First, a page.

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The dupes craze is destroying the planet

The trend that keeps fast fashion alive

The dupes craze is destroying the planet The trend that keeps fast fashion alive

With 1.5 billion views, the #dupe hashtag on TikTok can safely be taken as the signal of a new buying habit among Gen Z. New in a manner of speaking, since advice on surrogates, knockoffs, and alternatives to designer clothes and luxury perfumes has existed practically forever, and TikTok is just a trendier channel through which to pass on advice and tips previously conveyed through word of mouth or online forums. The only change from the past is that today's dupe seekers have at their disposal the vastness of the Internet as well as physical retail locations where they can find their imitations. There are three types of dupes as far as clothing is concerned: the first type is that of fast fashion brands, as in the case of H&M's lug sole loafers that resemble those of Gucci or Prada; the second type are the imitations by cheaper fashion brands that are not necessarily fast fashion and have on average fluctuating qualities; and the third type are the actual fakes, bought on and AliExpress but also through other locations. Given that fakes such as Dior or Louis Vuitton handbags or Jordan 1s constitute a separate category that has already been discussed in other articles (spoiler: we disapprove), there is one more consideration to be made regarding the first two categories-and that is that they are bad for the environment.

@lauraerland gucci dupe? #gucci #dupe #GreenScreenScan #IsThisAvailable #fyp OHFR? - Rico Nasty

The dupes craze seen on TikTok is a symptom of a disease: the fashion, perfumery, and beauty industries continue to advertise products targeted at Gen Z, a rich and important pool of present and future buyers who are more driven and often more motivated to invest their money in voluptuous goods and who within a few years will make up a significant portion of the market. Gen Z is itself very keen to buy, as mentioned above, but lacks the purchasing power to buy products with often inflated prices and therefore resorts to dupes. Handbags from Target replace those from Prada, boots from Monki closely trace the concepts of those from Bottega Veneta or Versace, PVC versions of boots from Celine and Saint Laurent or slip-ons from JW Anderson populate ASOS, imitations of Moon Boot are tagged by H&M, a €50 Ego Shoes bag mimics Balenciaga's Cagole but made of faux leather - much is said about how fashion is full of waste, but pretty much every time one of these dupes made of plastic is bought and carried to a young buyer's door a tree dies.  Things get worse when one descends further into this hell of synthetic leather and "Made in China" labels by finding users searching on Shein for Zara dupes that are themselves dupes of other luxury products. The best part of the whole trend is that in virtually every comment section of the videos where these dupes appear is someone saying, with great expenditure of tearful emoji, that after two months of use the dress or shoe in question has predictably fallen apart.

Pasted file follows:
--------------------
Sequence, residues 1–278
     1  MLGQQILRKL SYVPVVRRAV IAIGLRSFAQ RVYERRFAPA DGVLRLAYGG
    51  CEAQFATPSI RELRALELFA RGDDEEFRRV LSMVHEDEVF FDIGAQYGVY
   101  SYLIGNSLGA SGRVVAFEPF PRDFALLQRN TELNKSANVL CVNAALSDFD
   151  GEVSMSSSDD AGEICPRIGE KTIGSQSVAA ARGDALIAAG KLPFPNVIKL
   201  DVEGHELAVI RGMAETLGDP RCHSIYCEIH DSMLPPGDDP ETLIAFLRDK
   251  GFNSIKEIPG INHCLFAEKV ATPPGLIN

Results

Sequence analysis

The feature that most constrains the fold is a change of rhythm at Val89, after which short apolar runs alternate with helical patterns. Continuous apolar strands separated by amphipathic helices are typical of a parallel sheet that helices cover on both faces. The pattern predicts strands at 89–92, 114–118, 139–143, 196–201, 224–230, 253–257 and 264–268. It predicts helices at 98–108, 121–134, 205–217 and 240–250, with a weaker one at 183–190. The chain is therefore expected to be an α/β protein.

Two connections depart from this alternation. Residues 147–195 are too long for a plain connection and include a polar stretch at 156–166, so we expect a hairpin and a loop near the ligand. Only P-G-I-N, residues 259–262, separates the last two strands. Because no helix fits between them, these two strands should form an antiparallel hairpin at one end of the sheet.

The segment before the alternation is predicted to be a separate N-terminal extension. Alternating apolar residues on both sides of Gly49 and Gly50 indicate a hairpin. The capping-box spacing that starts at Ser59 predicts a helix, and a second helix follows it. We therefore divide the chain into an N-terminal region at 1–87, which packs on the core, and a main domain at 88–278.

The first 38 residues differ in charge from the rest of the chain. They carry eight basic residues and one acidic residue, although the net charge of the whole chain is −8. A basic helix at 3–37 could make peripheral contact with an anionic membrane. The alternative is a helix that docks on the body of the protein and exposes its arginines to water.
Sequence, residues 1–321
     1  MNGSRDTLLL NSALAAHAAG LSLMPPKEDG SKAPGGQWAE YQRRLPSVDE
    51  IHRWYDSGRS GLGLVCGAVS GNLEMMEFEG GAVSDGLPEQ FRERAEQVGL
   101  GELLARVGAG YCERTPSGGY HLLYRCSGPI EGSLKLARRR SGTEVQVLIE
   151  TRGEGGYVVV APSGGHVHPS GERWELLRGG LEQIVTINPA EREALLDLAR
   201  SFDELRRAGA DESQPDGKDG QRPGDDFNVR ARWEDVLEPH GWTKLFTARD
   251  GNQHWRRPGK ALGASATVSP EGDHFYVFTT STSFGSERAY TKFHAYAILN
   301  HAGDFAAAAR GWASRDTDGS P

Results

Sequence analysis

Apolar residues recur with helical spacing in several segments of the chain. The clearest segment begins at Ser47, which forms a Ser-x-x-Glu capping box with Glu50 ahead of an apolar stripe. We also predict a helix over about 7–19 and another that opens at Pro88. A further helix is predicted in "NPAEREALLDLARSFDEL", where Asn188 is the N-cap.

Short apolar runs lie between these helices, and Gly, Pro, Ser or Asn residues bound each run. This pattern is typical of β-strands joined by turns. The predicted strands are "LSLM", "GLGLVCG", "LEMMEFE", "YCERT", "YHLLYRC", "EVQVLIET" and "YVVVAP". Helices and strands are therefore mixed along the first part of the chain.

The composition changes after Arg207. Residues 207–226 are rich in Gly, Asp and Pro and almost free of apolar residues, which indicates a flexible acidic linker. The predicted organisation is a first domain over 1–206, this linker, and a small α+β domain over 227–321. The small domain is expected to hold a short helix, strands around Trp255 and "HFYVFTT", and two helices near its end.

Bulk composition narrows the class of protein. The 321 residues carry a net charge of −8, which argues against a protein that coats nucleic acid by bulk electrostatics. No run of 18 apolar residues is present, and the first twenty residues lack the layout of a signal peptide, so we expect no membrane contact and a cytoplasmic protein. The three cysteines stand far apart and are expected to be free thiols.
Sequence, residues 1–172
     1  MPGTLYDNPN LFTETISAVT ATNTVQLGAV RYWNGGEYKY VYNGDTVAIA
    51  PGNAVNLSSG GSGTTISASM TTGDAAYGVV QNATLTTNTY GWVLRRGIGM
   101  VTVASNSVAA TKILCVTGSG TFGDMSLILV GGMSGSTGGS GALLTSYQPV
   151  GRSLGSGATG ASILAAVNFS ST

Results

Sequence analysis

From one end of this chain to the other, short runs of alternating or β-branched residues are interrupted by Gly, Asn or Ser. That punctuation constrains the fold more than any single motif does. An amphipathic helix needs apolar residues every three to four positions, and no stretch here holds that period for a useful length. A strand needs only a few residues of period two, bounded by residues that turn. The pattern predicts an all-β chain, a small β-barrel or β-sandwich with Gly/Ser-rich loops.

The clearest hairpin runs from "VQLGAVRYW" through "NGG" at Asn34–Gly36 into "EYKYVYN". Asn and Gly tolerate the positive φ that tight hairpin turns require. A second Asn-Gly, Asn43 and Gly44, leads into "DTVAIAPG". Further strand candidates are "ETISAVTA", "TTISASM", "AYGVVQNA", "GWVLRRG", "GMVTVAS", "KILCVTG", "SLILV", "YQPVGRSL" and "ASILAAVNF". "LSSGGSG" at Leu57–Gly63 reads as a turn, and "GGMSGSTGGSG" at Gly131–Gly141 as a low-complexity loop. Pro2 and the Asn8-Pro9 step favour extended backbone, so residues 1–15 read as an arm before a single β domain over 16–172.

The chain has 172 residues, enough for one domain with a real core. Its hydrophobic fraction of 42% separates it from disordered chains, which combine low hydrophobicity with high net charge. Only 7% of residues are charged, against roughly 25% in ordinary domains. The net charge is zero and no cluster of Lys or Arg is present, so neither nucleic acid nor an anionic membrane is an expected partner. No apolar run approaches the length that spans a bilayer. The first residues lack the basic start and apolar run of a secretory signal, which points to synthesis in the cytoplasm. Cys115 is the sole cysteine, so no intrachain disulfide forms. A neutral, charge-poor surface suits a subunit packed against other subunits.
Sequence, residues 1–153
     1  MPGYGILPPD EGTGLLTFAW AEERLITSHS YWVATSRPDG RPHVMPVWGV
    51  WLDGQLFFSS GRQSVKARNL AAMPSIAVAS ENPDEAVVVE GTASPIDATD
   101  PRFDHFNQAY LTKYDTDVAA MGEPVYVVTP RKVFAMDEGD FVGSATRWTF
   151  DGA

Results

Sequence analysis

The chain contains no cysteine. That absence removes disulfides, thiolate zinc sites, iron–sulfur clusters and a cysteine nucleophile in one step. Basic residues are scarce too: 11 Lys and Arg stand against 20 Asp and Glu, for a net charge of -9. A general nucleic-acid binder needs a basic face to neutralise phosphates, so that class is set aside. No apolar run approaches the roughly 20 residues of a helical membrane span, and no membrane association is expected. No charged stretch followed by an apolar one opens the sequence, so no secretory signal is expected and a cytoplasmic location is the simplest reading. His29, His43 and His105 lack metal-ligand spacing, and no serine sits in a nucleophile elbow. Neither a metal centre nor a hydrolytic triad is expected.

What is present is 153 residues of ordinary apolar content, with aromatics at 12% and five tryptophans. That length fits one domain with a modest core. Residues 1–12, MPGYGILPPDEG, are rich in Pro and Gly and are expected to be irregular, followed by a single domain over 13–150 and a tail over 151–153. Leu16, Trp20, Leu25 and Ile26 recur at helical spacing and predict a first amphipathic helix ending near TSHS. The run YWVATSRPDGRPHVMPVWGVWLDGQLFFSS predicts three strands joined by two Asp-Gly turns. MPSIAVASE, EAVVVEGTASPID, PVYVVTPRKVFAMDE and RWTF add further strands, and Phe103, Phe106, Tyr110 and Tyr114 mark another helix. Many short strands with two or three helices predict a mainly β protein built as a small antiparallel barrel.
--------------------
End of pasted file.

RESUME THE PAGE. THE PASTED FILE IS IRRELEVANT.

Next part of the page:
And as much as the search for less expensive products as an alternative to popular but very expensive products is something entirely legitimate, it must nevertheless be acknowledged that the trend of dupes on TikTok unnecessarily glorifies a side of the clothing and beauty industry that is inherently polluting, greatly increasing waste and putting a fundamentally unhealthy consume model in a positive light. It is clear that the responsibility for this whole process falls not only on consumers but also on the marketing and pricing policies of luxury brands as well as on an increasingly confusing notion of the concept of "quality" according to which certain products that have a very average position in the market (think of small, medium-priced Made in Italy brands that employ good materials in the construction of their products) possess a longevity and quality almost identical to those of some products positioned higher up. The key to it all lies in the education of the end consumer who, if he or she intends to embark on a liberating shopping spree, should at the very least do so armed with the critical sense necessary to distinguish between products of actual quality that last longer and are made of organic or otherwise more durable materials and the pieces of plastic that in a year's time will have become garbage and will end up further polluting our planet.